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Fall Arts Guide: People to Watch
Comments () | Published October 13, 2011

U.S. ROYALTY

How does the DC-based rock group U.S. Royalty describe its sound? "We play music that sways from gritty to pretty," says frontman John Thornley.

Thornley (vocals/piano), his brother Paul (guitar), Jacob Michael (bass), and Luke Adams (drums) formed the group in 2008. They started out practicing in an abandoned trailer. Now they're playing clubs and festivals all over the country; have been featured in Esquire, Spin, and the New York Times; and made fashion news through their association with the Swedish label Gant Rugger. They were one of two local bands chosen to play at the Sweetlife Festival at Merriweather Post Pavilion earlier this year, opening for the Strokes. U.S. Royalty's influences range from "blues to garage to psych to pop," says John Thornley. For its first album, Mirrors, the group used instruments ranging from bongos to Wurlitzer organ to pedal steel guitar.

The band will be in New York City for the CMJ music and film festival this month and is touring the East Coast in the fall. Look for a homecoming at DC's 9:30 Club.

 

 

MARY MORTON

Washingtonians will see some of their favorite paintings very differently when the French galleries in the National Gallery of Art's West Building reopen in January. Creating exhibits that inspire visitors to experience art with fresh eyes is "the fun of the business," says curator Mary Morton: "Live installations are about how objects talk to each other."

Morton was named curator of French painting in 2009. She came from the J. Paul Getty Museum, eager to work with one of the world;s best collections of Impressionist and Post-Impressionist paintings. Her job has included overseeing the restoration of such treasures as Renoir's "Pont Neuf, Paris." In the restored work, visitors will be able to see the light as Renoir painted it. The redesigned galleries will feature more text to help viewers.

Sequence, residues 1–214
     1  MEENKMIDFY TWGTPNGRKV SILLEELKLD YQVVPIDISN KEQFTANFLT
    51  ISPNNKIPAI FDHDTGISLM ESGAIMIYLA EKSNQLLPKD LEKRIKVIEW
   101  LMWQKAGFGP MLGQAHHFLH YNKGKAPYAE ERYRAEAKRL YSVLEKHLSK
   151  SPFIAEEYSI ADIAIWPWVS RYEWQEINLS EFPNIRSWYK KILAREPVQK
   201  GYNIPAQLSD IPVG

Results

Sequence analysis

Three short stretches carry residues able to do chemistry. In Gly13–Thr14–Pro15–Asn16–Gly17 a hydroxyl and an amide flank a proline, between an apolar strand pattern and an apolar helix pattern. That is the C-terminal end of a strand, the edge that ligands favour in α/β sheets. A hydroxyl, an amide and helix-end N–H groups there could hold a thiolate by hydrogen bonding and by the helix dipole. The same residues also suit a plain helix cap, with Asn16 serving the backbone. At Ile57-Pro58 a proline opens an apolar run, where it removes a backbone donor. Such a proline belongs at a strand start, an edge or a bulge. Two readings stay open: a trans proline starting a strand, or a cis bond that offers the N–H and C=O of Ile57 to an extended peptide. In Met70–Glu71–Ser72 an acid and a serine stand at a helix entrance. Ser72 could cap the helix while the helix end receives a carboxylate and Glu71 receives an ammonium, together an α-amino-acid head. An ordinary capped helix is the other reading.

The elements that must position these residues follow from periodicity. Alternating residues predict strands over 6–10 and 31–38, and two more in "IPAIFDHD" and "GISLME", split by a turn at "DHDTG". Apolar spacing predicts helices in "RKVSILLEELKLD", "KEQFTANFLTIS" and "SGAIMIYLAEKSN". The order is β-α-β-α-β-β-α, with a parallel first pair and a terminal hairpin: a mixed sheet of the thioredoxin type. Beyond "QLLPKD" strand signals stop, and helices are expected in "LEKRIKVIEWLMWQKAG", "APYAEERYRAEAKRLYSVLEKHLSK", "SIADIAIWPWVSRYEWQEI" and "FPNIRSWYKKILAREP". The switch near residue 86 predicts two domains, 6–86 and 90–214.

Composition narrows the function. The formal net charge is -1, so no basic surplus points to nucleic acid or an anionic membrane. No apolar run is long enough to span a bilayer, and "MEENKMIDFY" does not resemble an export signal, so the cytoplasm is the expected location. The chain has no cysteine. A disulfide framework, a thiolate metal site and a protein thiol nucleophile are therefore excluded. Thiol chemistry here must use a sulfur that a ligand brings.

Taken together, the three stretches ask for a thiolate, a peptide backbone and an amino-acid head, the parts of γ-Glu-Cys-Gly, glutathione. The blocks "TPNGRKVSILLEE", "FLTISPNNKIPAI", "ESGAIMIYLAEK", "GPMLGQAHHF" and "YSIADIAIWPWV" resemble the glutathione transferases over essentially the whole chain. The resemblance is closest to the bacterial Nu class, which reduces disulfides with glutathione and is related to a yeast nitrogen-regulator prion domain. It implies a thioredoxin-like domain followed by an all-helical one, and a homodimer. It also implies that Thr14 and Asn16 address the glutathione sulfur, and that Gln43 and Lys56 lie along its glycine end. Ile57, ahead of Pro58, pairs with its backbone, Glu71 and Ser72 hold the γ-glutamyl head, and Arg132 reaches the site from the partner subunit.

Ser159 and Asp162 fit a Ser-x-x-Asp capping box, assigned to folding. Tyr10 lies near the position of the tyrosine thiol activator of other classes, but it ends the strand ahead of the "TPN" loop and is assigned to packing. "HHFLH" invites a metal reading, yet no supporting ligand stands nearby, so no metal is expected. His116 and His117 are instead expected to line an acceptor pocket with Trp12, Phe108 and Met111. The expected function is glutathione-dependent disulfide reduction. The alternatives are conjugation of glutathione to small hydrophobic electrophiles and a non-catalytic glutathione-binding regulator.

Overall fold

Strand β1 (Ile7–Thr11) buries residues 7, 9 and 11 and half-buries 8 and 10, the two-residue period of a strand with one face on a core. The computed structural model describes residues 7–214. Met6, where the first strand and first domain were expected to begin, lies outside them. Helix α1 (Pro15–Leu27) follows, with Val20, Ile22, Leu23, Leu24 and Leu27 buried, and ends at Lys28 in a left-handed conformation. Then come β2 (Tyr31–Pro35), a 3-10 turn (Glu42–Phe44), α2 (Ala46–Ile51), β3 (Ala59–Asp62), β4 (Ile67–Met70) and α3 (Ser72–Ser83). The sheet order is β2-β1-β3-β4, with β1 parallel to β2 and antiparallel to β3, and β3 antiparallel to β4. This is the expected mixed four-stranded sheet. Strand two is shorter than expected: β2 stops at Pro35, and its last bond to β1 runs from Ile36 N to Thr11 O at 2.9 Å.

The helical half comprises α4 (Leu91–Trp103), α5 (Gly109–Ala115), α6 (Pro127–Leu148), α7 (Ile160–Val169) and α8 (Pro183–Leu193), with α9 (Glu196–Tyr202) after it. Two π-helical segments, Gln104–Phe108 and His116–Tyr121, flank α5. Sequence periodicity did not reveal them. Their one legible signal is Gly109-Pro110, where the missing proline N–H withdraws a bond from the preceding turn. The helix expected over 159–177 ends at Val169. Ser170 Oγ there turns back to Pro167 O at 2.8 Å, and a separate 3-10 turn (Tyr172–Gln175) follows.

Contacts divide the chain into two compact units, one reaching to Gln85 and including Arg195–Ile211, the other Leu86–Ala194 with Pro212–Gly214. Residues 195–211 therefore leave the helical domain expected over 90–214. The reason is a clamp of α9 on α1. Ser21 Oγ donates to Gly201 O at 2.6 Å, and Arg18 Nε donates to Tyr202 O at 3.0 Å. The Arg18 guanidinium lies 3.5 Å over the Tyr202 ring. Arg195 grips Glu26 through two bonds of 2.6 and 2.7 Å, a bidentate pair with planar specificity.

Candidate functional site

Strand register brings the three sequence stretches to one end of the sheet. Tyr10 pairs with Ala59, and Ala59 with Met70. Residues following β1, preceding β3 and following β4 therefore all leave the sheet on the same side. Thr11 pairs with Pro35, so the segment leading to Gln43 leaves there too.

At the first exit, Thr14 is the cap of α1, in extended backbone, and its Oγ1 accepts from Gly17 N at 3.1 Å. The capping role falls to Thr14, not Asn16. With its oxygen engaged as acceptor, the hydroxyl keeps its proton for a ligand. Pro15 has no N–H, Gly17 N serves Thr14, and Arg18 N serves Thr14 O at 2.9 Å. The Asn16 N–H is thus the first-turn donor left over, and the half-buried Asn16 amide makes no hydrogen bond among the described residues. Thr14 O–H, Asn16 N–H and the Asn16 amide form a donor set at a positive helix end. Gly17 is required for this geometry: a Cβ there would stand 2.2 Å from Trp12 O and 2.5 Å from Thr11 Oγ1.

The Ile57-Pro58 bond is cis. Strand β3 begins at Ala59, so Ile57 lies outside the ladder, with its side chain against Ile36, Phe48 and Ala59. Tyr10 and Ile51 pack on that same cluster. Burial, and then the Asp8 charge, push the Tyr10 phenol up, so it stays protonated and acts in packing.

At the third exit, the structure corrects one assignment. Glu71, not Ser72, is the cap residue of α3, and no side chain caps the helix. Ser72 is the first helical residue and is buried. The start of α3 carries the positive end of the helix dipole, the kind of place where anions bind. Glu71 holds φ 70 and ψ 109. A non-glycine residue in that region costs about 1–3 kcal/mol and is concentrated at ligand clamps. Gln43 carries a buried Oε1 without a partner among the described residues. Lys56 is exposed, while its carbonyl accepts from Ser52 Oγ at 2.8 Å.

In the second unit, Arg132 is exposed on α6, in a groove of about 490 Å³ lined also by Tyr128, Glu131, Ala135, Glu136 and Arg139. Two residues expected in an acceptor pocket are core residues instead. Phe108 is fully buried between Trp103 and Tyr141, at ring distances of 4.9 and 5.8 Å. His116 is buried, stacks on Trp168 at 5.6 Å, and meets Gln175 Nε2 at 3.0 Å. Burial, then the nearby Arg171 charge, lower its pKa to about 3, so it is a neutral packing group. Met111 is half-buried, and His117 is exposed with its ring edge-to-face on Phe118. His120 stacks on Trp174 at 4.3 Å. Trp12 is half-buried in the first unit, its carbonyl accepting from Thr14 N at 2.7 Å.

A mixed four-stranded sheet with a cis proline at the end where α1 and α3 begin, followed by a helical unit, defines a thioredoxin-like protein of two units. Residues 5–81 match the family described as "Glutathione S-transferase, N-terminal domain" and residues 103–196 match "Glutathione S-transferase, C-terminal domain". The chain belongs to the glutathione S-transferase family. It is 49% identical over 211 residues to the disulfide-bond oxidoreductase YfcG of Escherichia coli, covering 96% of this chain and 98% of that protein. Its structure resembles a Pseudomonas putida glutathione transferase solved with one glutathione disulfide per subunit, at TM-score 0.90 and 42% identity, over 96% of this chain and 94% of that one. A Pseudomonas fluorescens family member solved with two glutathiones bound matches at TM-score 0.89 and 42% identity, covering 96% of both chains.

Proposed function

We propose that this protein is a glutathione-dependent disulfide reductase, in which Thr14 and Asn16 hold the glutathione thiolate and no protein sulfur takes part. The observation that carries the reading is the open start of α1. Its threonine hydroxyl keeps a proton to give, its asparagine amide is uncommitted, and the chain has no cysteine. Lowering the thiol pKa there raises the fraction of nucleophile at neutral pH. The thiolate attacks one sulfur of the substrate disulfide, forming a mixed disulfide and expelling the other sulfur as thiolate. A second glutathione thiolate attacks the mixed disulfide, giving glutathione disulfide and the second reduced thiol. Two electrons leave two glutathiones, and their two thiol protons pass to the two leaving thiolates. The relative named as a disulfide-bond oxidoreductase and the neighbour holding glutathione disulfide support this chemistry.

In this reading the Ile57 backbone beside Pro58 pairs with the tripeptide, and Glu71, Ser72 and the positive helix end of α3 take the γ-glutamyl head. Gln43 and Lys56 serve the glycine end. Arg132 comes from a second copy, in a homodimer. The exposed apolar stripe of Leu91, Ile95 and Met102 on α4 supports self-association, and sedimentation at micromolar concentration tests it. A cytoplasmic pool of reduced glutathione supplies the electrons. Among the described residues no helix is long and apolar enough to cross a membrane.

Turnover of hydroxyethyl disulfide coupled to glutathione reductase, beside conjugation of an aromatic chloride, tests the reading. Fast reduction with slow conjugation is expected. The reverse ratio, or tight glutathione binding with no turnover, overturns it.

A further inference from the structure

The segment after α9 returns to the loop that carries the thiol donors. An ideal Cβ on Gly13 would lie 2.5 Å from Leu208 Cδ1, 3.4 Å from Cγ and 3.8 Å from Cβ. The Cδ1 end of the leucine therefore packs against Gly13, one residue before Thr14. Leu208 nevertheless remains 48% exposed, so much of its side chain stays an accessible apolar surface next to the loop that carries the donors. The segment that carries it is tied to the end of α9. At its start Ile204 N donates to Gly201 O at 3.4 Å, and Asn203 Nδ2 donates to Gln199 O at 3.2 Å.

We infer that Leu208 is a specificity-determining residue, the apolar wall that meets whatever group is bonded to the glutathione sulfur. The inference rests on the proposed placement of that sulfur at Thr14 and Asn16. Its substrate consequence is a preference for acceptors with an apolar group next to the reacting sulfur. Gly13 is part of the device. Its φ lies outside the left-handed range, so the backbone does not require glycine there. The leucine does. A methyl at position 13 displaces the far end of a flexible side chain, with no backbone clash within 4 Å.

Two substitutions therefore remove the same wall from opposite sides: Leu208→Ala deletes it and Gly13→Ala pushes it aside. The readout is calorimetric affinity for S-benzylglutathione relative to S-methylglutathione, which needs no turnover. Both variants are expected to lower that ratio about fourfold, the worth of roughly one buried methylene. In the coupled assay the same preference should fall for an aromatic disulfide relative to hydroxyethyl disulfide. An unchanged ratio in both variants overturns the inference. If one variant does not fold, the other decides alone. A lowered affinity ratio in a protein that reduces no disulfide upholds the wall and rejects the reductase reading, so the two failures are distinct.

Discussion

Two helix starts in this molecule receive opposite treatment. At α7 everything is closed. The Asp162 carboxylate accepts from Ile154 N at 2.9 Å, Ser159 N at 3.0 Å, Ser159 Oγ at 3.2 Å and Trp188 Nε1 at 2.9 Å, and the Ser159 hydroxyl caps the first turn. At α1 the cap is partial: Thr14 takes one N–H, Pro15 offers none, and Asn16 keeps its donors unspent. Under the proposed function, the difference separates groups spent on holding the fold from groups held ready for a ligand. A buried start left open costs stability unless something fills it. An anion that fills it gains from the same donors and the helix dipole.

Morton has some unusual tools to help pull together a large installation, including what she calls a "curatorial dollhouse," which shows exhibits in miniature. But there's nothing like walking through the galleries, she says: "French painting in the second half of the 19th century was meant to provoke the viewer. They were painting for impact—visual, political, or social."

To make that impact more accessible to Washingtonians and the millions who visit here is, Morton says, "why I signed on."

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Posted at 01:54 PM/ET, 10/13/2011 RSS | Print | Permalink | Washingtonian.com Articles